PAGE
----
Christian Unity & Christian Justice: Maybe It Is Both

With all the craziness that is in the world these days, there are two cries I want us to repeatedly hear as a church: fight for justice, and fight for unity. My own cynicism, weariness, and busyness sometimes lead me to pursue one at the expense of the other. I get provoked and want to shout about justice with no regard for unity. Or I get tired and want everyone just to agree already. But neither of these is love. Neither of these is the way of Jesus. We must pursue both unity and justice or we’ve forfeited both.

The way of Jesus is to love our neighbors as ourselves—and this love extends to all of our neighbors, regardless of who they are. Are they unworthy of our love? They’re still neighbors to be loved. Are they unlikeable or in any way off-putting? They’re still neighbors to be loved. Are they our enemies who wish us only evil? They’re still neighbors to be loved.

This is the unmistakable way of Jesus. It’s the way of His Father. And if we want to be Christians, it must be our way as well. Here’s what Jesus says:

But I say to you who are listening: Love your enemies, do good to those who hate you, bless those who curse you, pray for those who mistreat you. To the person who strikes you on the cheek, offer the other as well, and from the person who takes away your coat, do not withhold your tunic either. Give to everyone who asks you, and do not ask for your possessions back from the person who takes them away. Treat others in the same way that you would want them to treat you. 

“If you love those who love you, what credit is that to you? For even sinners love those who love them. And if you do good to those who do good to you, what credit is that to you? Even sinners do the same. And if you lend to those from whom you hope to be repaid, what credit is that to you? Even sinners lend to sinners, so that they may be repaid in full. But love your enemies, and do good, and lend, expecting nothing back. Then your reward will be great, and you will be sons of the Most High, because he is kind to ungrateful and evil people. Be merciful, just as your Father is merciful.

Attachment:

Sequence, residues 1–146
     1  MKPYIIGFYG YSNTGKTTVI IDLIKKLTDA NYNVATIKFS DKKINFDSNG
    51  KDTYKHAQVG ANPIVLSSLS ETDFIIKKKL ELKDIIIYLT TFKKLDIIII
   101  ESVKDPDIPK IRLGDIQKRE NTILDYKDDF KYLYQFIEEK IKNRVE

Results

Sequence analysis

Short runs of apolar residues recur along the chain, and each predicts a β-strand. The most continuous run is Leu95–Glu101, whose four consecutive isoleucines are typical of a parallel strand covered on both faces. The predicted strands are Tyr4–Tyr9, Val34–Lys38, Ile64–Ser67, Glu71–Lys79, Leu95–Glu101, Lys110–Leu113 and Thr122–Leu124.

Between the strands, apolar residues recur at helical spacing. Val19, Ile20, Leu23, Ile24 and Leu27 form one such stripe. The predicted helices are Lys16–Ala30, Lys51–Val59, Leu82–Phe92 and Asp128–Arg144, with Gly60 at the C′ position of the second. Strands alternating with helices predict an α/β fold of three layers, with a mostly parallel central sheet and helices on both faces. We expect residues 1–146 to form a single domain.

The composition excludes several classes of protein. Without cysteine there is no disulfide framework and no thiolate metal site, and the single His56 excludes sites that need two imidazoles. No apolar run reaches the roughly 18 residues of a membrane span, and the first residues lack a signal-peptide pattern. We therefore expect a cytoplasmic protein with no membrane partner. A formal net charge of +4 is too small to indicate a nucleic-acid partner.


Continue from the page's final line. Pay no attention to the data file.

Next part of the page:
— Jesus, in Luke 6:27-36 (New English Translation)

This love that Jesus commands comes without qualification or boundary. It comes without guardrails and without limits of wisdom. It is a self-giving, self-sacrificing, self-neglecting love that resulted in Jesus Himself being defeated, mocked, shamefully exposed, and nailed to a couple planks of wood on a hillside to suffocate to death. It also resulted in resurrection, redemption, and the eventual restoration of all things in Jesus.

As costly as this love is, it’s the kind of love that redeems. It is powerful. It destroys all boundaries and divisions. It turns enemies into family. It turns “them” into “us”.

Unity without a concern for justice prioritizes the comfort of “us” over the lived experience of “them”. It perpetuates the status quo, and tends to benefit those who are already in power. It tends toward escapism and a devaluation of the physical world and present reality that Jesus came to redeem. It patronizes the downtrodden and tells them their concerns don’t really matter. It is an empty “love” for our neighbor, who might as well remain our enemy. This is not unity in any meaningful sense, and it is not the way of Jesus.

Justice without a concern for unity severs “them” from “us”. It results in flipped power structures that will eventually repeat our status quo, merely with different people in the seats of power. It repays violence for violence. It excludes the core Jesus-virtues of patience and forgiveness. It is a love for our neighbor, as long as we get to choose who our neighbor is. This is not justice in any meaningful way, and it is not the way of Jesus.

But I’m convinced, as tiring and painful and scary as it may be, clinging to both unity and justice, refusing to let go of either one, is the way of Jesus. It is the way of love. It’s the way of the Old Testament prophets. It’s the way of the New Testament apostles. It’s a way fraught with difficulty, that very well may cost every ounce of energy we have, every drop of patience, and every shred of pride. But it’s a way that leads to life, that leads to healing, and leads to a world where there is no “them” but only “us”.

Note: we've preached about each of these themes several times. To hear more about the biblical emphasis on unity, click here. To hear more about justice, click here.

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